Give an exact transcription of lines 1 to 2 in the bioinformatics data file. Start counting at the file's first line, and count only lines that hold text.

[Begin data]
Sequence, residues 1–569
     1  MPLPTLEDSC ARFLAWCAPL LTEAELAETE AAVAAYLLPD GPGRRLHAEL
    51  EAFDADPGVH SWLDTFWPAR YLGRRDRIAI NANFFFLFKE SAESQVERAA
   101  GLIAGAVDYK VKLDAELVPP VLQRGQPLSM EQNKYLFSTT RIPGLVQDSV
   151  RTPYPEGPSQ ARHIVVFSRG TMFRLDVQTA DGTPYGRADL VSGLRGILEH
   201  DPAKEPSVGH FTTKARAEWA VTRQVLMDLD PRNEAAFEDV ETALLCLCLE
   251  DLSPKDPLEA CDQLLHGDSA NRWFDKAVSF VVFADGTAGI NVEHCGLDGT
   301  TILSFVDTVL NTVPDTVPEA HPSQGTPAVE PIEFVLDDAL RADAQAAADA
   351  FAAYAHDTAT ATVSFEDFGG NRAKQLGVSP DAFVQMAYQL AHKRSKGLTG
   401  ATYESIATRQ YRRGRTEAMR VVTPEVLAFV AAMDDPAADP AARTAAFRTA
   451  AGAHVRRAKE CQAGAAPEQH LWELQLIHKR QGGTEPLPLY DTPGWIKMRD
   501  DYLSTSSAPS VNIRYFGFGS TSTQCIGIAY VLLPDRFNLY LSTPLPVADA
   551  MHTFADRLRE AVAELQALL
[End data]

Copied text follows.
Sequence, residues 1–569
     1  MPLPTLEDSC ARFLAWCAPL LTEAELAETE AAVAAYLLPD GPGRRLHAEL